Tag Archives | feedback

Why “Follow Your Passions” Is Dangerous Advice

I learnt something this week which will stop me from ever encouraging anyone to ‘follow their passions.’ Oh- I’ve said it many times. But never again. It’s just too dangerous advice. Here’s why.

I know of several young adults finishing school who are deciding career paths, and university course choices. My advice to them: ‘Follow your passions.’ It’s the new age approach, right? Then I actually thought about it. It’s deeply flawed counsel. How on earth does a 17 year old have any clue what their passions are? I’m 54 and am only just getting some clarity on what these might be for me.

Sir Ken Robinson talks about ‘working in your element’: doing what you love and what you’re good at. It’s within that concept that the best advice to any younger talent lies. It’s not about passion. It’s about the other bit. Here it is:

Don’t Get Emotional When You Read This- If You Can

I received an email from a colleague last week. It was brutal. Blistering. Vitriolic even. Anger oozed out of it. Accusations abounded. My heart sank. Because I knew what would happen next. I knew the outcome. And it saddened me. Do you? Here it is.

I once worked with a very wise man, Paul Cocks. In fact, we’re still colleagues- just one step removed. I owe him much, and love him dearly. He was an important mentor to me a decade ago. His insight into people is what I remember most. And he quickly sized me up as a hot head- someone who would fire up quickly, get emotional, and attack.

His advice, which he gave me many times when he saw steam coming from my ears, was this:

How To Find Inspiration When You Need It

I have been looking for clues as to what genuinely inspires me. And I found it when a colleague did not like a suggestion I made. There it was. The answer. Right in front of me. Now- does this hold true for you? Is this a key to your inspiration?

“You must get closer to the client work,” I encouraged my colleague, who spends most of his time ‘managing’ business issues. He looked uneasy. Silent. “What’s up? Is there a problem with that?” I asked, perplexed. “Well,“ he replied hesitantly. “It’s just that…the client work thing… it’s kind of not what I do these days… I am just, well, not sure I am able to do it anymore.”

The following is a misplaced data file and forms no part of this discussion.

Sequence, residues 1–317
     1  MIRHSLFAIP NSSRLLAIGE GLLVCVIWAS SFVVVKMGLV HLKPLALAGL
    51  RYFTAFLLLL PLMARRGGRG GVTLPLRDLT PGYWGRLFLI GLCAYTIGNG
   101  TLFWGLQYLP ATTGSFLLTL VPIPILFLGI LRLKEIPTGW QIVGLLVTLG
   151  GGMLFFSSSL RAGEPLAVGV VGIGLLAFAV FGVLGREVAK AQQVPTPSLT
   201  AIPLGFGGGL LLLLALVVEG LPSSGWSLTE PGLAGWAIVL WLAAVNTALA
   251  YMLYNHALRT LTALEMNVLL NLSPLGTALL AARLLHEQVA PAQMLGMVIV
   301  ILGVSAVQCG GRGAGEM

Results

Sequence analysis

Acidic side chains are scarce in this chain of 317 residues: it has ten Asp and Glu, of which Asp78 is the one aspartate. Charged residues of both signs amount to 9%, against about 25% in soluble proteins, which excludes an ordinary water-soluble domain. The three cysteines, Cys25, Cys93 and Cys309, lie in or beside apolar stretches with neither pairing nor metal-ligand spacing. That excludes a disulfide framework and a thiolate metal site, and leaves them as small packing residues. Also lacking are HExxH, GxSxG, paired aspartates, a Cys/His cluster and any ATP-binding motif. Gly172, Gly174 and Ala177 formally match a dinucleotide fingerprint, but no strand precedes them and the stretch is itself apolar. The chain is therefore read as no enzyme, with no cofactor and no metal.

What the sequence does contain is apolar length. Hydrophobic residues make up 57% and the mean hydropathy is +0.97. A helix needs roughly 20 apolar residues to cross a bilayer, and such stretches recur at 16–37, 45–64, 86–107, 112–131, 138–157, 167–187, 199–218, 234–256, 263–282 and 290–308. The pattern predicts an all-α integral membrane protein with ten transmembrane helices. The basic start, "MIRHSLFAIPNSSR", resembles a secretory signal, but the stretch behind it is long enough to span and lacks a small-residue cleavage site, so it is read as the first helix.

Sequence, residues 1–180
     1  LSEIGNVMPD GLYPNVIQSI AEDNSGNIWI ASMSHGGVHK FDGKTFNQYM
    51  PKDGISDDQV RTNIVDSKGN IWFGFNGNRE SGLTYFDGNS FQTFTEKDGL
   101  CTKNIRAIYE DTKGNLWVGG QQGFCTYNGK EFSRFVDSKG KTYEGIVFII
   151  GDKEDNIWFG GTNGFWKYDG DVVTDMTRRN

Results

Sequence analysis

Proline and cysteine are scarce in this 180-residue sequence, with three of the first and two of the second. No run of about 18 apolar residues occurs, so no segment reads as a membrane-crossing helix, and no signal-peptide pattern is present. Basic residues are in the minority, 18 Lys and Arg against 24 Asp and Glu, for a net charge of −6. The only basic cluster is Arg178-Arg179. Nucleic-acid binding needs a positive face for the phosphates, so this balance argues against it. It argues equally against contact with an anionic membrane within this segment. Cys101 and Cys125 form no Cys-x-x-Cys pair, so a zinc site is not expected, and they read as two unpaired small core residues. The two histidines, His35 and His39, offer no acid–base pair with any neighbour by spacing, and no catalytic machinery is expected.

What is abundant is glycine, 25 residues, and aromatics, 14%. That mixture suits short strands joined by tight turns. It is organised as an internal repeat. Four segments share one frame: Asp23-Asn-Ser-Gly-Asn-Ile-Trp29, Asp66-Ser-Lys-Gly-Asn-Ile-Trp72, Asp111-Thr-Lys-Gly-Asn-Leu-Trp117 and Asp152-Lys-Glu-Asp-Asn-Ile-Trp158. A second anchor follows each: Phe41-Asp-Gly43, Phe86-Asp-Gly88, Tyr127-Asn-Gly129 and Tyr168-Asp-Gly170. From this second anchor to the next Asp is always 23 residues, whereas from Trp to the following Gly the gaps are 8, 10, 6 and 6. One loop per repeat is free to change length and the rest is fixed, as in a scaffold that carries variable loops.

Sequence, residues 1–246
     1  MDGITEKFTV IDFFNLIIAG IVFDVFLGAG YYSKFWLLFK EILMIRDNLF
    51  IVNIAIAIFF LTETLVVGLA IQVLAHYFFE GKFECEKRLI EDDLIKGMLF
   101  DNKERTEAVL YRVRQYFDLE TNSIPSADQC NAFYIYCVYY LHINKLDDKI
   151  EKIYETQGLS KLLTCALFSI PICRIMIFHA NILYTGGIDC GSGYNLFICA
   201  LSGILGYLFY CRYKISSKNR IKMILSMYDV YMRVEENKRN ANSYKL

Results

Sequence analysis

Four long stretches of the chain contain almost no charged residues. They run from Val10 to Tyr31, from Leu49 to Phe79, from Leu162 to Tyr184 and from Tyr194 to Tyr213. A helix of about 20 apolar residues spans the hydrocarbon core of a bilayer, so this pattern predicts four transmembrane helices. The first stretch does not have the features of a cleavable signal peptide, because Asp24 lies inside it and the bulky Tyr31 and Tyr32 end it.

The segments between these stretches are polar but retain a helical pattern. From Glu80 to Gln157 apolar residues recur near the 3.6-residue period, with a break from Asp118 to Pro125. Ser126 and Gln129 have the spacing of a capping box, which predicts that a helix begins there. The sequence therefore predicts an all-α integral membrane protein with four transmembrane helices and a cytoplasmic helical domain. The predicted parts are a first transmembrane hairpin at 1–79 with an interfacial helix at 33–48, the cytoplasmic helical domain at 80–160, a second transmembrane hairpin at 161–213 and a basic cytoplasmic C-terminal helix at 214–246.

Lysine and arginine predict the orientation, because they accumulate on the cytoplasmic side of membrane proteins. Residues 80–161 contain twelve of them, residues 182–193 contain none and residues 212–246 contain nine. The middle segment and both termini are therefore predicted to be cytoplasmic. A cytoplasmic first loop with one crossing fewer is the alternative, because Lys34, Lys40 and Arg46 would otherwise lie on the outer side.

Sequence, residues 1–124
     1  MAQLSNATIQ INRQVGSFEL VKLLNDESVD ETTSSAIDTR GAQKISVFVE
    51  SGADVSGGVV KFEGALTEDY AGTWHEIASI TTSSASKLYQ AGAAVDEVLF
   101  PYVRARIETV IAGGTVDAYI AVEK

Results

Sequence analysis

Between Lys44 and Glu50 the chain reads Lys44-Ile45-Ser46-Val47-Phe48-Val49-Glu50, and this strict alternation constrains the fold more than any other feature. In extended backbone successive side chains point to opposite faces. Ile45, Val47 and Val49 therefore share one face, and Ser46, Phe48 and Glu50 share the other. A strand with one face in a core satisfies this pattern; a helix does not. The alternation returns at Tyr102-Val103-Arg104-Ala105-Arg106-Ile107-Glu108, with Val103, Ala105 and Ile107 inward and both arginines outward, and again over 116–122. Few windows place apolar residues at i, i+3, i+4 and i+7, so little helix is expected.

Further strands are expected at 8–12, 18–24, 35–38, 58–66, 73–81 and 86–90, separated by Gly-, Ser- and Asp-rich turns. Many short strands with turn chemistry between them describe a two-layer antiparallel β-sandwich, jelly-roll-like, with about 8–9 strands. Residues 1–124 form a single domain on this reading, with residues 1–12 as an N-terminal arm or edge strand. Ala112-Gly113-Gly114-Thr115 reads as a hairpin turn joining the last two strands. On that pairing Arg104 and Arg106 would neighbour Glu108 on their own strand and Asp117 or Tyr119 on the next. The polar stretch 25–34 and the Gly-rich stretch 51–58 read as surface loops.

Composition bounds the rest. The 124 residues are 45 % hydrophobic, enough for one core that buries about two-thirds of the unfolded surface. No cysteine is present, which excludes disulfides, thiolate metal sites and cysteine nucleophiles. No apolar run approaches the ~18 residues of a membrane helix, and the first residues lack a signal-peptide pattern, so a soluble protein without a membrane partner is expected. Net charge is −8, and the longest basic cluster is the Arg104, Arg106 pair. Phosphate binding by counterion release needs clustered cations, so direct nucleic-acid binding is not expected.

And there it was. The secret to inspiration. You see, it was clear what my colleague needed to do. It would absolutely revitalise and inspire the pants off him. Here it is. Hold true for you too? Sure does for me.

The Toilet Seat, Crossed Wires and A Secret To Leadership

Something happened in my toilet once that shocked me deeply, and taught me a valuable lesson about life, relationships, and leadership. How could I have been so blind? Beware though- this is an ‘adults only’ Possums episode, with unsavory photographs. Read on at your own risk. My promise- the reward is profound.

“Put the toilet seat down!!!!” she screamed at me for the 20th time that week, and third time that day. I was livid. “You must be in La La land you crazy person- I HAVE and DO put it down and you have quite simply gone mad.” “ME? ME??? You’re the lazy, inconsiderate, uncouth animal who does not have even the most basic manners or respect to do the right thing. It’s disgraceful. I have had ENOUGHHHHHHH!!!!”

And so had I. “Ok- look here and watch this,” I snarled, standing over the seat. “Let me demonstrate, once and for all.” I did, and then suddenly realized the massive mistake I had been making. It’s a lesson in life and leadership worth knowing- and here it is.

A Very Weird Story on How To Be Your Own Very Best Coach

I am worried. This post might be just too weird, and I will see “Unsubscribe’ emails dotting my screen. I’ll take the risk, and share this one simple idea that has been at the core to my resilience in my career, and my life. I use it every day. But be warned- it’s a bit weird. Here it is.

One of my greatest fears is reaching the end of my career, at a timing not of my choosing, and knowing I could have achieved more – that I had not encouraged and backed myself to realize my full potential. Actually, I fear this about my life – will I push myself to be the best I can be: as a father, son, husband, brother, uncle, in law, cousin, friend, boss, colleague, neighbor…. The list is long.

I fear it because I know I am weak and flawed, and live on the edge of a darkness that I can easily slip into… not an evil darkness, just a place of slovenliness and lost opportunity. I saw ‘The Lorax’ movie yesterday: “A tree falls the way it leans. Watch out which way you lean.” I keep leaning the right way in my life, just, and growing and contributing positively, through following three critical steps, every day. But one is really weird. Here they are.

Eat this and you will be a true champion

In Andre Agassi’s fridge lies the answer to the type of diet we need to feast on if we want to be the best we can be. I find it hard to swallow. Do you?

A friend once asked the guy next to him on a plane what he did for a living.
“I’m one of tennis player Andre Agassi’s three backhand coaches,” the man replied.

WOW! Three backhand coaches! Agassi was clearly a guy who feasted on feedback. And they say feedback is the food of champions. The lesson is clear. We need to become feedback gluttons if we are to reach our full potential. Just as Agassi did, over many years. And here’s a simple and proven way to do it.